You should set the heels of the stirrups a little high, and then roll with fairly loose straps. If done correctly, you should be able to get in and out of the stirrups easily without having to mess with the straps. Your feet will be a bit less stable, but the strap will be closer to your shin and provide you with some safety. To get out of the straps, kick your feet up and lift your heels. The straps should be just loose enough to get the heel cups off of your shoes, so you can pull you feet right out.
Side note: some shoes (Like the Nike Metcons) have a lip on the back of the heel. These may get caught on the heel cup of the stirrup. You may want to use different shoes if you have a pair that your are comfortable training in.
The first few pulls each row interval should start with the quarter stroke>half stroke>full stroke technique. The goal here is to use the most powerful part of the stroke to get the flywheel up to speed faster. The part of the stroke to emphasize here is the middle where the legs have the greatest mechanical advantage.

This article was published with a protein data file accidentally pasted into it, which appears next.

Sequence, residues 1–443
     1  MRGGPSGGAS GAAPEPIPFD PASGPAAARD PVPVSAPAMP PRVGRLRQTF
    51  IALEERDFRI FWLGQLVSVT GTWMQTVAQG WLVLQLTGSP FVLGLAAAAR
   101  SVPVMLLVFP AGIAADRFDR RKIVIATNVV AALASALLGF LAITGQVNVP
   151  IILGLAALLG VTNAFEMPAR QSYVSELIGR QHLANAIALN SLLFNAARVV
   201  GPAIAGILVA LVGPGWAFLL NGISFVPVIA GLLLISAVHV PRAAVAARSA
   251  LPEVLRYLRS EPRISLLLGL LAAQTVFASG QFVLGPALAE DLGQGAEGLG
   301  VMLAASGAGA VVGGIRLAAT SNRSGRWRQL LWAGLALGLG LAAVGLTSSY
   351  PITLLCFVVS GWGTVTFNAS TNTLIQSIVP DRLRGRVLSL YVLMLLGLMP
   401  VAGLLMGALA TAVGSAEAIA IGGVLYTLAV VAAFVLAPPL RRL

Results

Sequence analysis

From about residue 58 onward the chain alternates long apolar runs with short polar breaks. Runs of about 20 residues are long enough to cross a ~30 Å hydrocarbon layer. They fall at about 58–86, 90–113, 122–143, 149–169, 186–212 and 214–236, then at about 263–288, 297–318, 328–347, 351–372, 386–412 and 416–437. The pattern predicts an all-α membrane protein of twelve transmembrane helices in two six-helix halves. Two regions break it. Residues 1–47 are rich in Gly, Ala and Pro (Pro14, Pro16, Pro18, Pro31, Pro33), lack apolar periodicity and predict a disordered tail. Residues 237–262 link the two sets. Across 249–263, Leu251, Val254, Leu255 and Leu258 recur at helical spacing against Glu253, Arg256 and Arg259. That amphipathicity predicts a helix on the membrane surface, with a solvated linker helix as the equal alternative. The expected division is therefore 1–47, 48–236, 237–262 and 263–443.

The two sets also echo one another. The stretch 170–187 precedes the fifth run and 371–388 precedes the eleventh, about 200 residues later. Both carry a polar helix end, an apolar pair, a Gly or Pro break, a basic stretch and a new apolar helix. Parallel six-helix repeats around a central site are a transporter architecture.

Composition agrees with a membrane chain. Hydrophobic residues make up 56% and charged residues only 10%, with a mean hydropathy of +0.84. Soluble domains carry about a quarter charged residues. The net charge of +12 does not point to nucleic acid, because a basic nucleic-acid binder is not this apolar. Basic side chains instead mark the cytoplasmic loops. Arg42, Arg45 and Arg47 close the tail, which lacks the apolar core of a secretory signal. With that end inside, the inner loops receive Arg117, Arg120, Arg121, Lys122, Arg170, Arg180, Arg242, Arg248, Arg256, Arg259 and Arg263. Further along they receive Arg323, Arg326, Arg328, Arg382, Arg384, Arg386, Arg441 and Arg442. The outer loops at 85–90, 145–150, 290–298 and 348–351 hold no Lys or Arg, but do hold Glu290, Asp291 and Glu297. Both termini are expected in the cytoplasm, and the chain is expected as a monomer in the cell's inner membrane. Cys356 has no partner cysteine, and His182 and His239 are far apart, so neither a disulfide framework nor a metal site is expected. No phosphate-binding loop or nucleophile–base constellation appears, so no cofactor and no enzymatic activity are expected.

Watch out for early arm pulling! If you start bending your arms too soon, you will blow up your biceps even more (not to mention your grip). Keep those arms straight until the legs and hips have finished their job.
The tendency for most people will be to use the row to do some slower pacing. But when rowing for calories, the slower you row, the farther you go! What I mean is that if you row the same number of calories in 2 minutes versus 1 minute, the 2 minute attempt will have to go more meters! Instead of ‘cruising’ the row and using it as a pacing tool for the wall balls, I think it is best to put a bit more effort into going a little faster. You do less total work, and then you can rest a bit more on the wall balls.